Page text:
“I wouldn’t call myself a veteran … but I’d like to think I’m not a beginner anymore.”
Editor’s note: This is Part 1 of an eight-part series featuring some of the top competitors in Athletics as we approach the one-year mark to the London 2012 Paralympic Games.
Evan O’Hanlon likes his coffee straight.
No sugar. No milk.
Just a long black cup of coffee does the trick for the Australian Paralympic track star while he is warming up for a race.
Of course, O’Hanlon will then offset that with a few gulps of water or Gatorade so he does not get dehydrated.
He will to deny this pre-race ritual if you ask him about it, though.
“I try to keep superstitions to a minimum before racing because I don’t want to get to the line and think, ‘Oh, well, I haven’t done my right shoe up before my left shoe, so I’m not going to run fast.’”
But then he will tell you the truth about superstitions.
“Most people have them. Everyone likes to wear a comfy pair of undies or something,” O’Hanlon joked.
But, hey, whatever works, right?
O’Hanlon is certainly finding success with his own rituals. The 23-year-old, who was born with cerebral palsy after suffering a stroke before birth, will be the reigning world champion in the 100-metre and 200-metre sprints in the T38 classification entering the Paralympic Games next summer in London.
He took the gold in both events at the 2011 International Paralympic Committee (IPC) Athletics World Championships in Christchurch, New Zealand, in January, and he grabbed silver in the 400m.
“I wouldn’t call myself a veteran … but I’d like to think I’m not a beginner anymore,” said O’Hanlon, a three-time gold medallist at the Beijing 2008 Paralympic Games.
O’Hanlon said he hopes to compete in the 100m, 200m, 400m and 4x100m relay races in London, but he does not want to overwork his body just yet.2011_Evan_O_Hanlon
“I was laid back for the first couple of months after Christchurch,” O’Hanlon said. “I took a bit of time off because my programme was so heavy. I raced every day for a week at worlds, so after that, I took a fair bit of time to go really light. But now, it’s starting to get strict again.”
At the World Championships, O’Hanlon relied heavily on massages, ice baths, spas and plunge pools, which allowed him to quickly recover for his next race.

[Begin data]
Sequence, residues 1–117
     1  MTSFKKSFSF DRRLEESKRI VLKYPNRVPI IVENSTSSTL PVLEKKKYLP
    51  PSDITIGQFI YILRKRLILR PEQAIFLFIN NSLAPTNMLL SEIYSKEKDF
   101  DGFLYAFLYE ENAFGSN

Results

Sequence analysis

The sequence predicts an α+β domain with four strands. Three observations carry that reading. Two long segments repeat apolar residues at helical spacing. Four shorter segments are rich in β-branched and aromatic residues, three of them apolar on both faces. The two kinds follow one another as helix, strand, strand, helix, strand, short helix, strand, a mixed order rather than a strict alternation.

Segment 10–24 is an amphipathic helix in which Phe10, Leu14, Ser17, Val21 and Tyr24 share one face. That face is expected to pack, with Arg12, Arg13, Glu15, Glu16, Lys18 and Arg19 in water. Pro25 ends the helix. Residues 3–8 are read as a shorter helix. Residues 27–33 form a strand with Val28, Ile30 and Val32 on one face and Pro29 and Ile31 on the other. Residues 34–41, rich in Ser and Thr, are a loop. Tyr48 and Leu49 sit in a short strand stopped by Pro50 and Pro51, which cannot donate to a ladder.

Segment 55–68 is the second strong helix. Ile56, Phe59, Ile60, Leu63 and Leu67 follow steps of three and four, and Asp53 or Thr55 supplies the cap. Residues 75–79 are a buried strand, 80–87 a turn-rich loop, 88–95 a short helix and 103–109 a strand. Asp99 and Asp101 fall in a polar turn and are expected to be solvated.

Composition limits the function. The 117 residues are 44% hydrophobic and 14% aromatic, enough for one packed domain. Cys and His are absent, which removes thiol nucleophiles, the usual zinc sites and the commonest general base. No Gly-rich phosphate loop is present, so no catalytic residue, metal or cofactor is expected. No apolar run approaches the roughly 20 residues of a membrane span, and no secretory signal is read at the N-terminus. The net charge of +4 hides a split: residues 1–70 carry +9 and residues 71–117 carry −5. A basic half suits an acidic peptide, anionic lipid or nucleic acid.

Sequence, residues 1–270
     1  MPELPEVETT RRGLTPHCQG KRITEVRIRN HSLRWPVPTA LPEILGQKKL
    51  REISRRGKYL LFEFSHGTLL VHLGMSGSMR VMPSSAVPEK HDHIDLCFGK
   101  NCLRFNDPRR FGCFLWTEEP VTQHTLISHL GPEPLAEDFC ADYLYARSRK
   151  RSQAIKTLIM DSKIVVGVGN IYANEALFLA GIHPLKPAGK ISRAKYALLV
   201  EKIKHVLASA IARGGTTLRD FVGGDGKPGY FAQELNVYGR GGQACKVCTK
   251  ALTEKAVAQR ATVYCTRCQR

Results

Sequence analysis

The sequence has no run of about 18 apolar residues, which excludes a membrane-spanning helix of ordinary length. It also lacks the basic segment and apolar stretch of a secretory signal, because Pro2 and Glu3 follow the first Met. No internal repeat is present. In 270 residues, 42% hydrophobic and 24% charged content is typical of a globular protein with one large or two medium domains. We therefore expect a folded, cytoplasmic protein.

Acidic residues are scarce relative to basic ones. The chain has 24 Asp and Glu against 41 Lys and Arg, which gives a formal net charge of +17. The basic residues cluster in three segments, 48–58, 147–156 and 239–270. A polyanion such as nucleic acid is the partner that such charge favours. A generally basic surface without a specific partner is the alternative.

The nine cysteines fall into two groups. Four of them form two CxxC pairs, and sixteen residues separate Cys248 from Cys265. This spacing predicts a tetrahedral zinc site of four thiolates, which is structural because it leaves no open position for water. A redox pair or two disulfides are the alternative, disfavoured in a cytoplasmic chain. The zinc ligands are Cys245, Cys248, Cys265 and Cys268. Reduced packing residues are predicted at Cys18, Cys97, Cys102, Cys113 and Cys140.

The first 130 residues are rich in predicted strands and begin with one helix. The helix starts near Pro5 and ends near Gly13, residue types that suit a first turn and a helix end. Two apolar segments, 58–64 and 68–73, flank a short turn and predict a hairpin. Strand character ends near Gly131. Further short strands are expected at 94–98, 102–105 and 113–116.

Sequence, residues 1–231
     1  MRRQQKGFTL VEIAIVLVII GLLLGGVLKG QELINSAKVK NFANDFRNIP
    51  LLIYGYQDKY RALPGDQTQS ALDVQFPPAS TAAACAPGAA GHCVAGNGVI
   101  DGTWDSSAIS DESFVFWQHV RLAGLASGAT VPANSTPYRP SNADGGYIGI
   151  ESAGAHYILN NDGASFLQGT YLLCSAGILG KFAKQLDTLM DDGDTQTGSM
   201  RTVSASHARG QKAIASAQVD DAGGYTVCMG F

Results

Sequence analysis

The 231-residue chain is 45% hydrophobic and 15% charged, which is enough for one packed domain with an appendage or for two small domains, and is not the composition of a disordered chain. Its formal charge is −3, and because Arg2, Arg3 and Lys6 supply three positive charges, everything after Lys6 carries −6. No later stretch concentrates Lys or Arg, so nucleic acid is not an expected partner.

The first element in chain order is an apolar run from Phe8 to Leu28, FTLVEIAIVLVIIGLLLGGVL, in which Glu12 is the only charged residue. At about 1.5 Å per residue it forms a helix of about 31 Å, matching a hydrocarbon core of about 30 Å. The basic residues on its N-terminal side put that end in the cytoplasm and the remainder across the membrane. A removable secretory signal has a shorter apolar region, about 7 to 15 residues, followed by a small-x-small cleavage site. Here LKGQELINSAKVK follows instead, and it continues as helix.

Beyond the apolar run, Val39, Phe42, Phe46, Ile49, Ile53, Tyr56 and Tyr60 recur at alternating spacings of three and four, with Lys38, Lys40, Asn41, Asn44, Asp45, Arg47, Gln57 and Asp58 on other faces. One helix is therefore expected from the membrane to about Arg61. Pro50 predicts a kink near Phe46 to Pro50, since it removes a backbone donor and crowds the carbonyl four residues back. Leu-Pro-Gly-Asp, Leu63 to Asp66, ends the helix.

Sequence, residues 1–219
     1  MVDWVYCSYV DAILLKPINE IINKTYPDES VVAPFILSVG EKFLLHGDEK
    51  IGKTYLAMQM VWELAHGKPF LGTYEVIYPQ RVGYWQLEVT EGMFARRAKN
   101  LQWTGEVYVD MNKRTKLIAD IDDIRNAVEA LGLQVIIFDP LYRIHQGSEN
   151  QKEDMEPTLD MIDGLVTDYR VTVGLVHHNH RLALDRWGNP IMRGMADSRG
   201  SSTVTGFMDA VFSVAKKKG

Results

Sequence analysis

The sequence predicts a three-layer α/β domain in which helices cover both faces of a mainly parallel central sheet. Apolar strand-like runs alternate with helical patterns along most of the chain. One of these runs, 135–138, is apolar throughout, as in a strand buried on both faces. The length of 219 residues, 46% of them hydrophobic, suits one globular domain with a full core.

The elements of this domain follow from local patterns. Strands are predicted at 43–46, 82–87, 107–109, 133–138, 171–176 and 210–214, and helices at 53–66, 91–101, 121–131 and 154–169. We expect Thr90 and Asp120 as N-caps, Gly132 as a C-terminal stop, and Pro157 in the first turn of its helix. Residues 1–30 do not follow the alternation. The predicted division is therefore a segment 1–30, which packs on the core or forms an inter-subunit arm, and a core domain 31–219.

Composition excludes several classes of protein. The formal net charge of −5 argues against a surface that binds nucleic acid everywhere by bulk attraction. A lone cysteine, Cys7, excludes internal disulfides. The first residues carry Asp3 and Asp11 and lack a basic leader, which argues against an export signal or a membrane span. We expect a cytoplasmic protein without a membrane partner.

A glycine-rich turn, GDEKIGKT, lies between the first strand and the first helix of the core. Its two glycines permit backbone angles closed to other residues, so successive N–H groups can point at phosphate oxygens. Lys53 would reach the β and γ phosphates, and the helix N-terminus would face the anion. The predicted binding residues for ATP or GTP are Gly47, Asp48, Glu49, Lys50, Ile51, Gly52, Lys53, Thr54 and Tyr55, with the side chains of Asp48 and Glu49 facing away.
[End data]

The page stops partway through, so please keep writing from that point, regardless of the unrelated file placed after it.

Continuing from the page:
Since Christchurch, O’Hanlon’s purposely packed on an additional 10kg to add more strength to his sprints. He is experimenting with his coach, Iryna Dvoskina, on how to add an extra punch of power to give him a stronger edge than he had in Beijing and Christchurch.
And so far, he said, it is working. He just hopes it will benefit him in the 200m race in London, in which he will most likely be challenging Tunisia’s Muhamed Farhat Chida and Ukraine’s Mykyta Senyk for the title.
“The 200 I like because you can get up and feel yourself take over people and feel everybody else around you a little bit more than in the 100 metres,” O’Hanlon said.
No matter what happens in London, though, O’Hanlon has something to fall back on afterward – the landscape architecture degree he is currently pursuing at the University of Canberra in Australia.
His parents and older sister run their own architecture firms in Sydney and Newcastle, and while O’Hanlon said at times it is difficult to balance school and training, he knows it will be worth it in the long run.
“I hope to end up back in the family business somewhere,” O’Hanlon said. “It’s nice to know that I have a job to go to straight after training. A lot of people that come from sport either haven’t done university or really don’t know what they’re going to do once they finish sport, because they’ve been doing it for so long that they don’t really have any job experience.”
But for now, O’Hanlon’s actually looking forward to some added pressure as the Paralympic Games approach.
The Australian Paralympic sensation already has the girls chasing after him.
Or at least his five sisters.
“I just run away – pretty fast,” O’Hanlon joked.